BANGKOK: The International Organization for Migration (IOM) called on Southeast Asian governments Tuesday to find and rescue thousands of migrants who are believed to be stranded at sea and at risk of death.
Campaigners fear as many as 8,000 migrants from Bangladesh and Myanmar—among them many from the Rohingya minority—are being held at sea with dwindling supplies after a Thai crackdown on trafficking curbed smuggling routes.
Nearly 2,000 migrants have been rescued or have swum to shore in Malaysia and Indonesia over the last few days.
“It needs a regional effort . . . we don’t have the capacity to search for them, but governments do, they have boats and satellites,” IOM spokesman Joe Lowry told AFP, adding they may be in a “very bad condition or even dead” if not found soon.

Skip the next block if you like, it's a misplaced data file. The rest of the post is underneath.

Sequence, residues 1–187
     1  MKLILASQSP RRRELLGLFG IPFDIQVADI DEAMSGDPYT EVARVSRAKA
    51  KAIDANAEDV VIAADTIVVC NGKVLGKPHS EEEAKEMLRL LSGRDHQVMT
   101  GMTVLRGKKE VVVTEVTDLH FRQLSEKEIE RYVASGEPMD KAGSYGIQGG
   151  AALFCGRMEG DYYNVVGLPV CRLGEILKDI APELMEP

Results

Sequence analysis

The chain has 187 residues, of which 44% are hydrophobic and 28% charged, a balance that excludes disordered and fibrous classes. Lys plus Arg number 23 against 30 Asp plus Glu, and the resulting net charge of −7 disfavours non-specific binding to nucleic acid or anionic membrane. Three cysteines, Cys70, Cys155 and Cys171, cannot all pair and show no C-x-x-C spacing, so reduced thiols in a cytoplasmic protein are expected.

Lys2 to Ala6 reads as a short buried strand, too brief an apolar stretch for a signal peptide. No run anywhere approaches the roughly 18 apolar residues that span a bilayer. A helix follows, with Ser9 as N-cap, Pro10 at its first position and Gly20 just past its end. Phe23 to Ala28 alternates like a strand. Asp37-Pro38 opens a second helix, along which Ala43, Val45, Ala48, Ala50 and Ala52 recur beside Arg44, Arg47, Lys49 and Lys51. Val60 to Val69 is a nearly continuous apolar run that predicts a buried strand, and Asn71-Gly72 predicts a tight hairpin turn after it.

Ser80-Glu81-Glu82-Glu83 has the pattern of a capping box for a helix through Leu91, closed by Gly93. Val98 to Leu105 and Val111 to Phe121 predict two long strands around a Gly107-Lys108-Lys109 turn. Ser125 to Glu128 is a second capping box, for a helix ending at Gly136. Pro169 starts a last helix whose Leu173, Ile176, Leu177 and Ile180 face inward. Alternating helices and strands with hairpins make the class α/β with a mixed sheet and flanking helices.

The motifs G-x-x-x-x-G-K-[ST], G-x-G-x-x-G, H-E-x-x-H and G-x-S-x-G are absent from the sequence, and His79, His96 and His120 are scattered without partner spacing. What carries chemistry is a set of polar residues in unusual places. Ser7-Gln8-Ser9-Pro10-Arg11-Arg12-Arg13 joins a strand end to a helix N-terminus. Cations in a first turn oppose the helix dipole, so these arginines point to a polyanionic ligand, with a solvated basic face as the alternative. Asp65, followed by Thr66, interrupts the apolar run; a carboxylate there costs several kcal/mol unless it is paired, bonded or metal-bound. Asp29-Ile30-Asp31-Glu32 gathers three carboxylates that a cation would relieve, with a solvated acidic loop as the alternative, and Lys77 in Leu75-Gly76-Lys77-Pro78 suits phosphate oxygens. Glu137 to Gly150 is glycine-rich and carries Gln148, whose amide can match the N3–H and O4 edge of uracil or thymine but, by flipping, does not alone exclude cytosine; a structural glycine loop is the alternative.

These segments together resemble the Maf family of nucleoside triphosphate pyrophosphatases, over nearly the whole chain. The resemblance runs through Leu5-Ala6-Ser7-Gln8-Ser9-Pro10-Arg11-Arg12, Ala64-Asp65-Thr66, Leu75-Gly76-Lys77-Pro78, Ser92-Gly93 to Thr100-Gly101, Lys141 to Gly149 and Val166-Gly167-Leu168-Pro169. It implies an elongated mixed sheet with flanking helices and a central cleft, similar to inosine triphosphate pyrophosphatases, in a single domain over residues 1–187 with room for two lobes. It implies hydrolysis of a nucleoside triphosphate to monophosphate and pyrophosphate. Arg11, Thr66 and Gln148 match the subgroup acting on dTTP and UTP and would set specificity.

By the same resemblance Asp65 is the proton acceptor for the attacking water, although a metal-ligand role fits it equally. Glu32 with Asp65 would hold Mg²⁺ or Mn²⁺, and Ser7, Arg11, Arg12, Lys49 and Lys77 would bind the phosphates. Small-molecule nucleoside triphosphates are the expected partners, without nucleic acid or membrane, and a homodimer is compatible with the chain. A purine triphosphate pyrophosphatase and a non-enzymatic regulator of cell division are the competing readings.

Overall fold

“The journeys are long and a long time at sea isn’t good for humans… they need to be found,” he said.
It is unclear what efforts, if any, are currently being made to locate migrants still at sea.
A spokeswoman for the UN refugee agency (UNHCR) in Bangkok echoed the deepening concerns over the condition of those still on the boats, as traffickers abandon vessels or hold onto their human cargo fearing arrest by authorities.
“From survivors we hear there is very little food and water to begin with. And if they have been there for weeks or months there is a concern that people come in severely sick,” Vivian Tan told AFP, adding that there is a “fear” people may be dying at sea.
Thousands of impoverished Muslim Rohingya—a minority unwanted by Myanmar’s government—and Bangladeshis embark on a perilous sea and land trafficking route through Thailand and into Malaysia, Indonesia and beyond every year.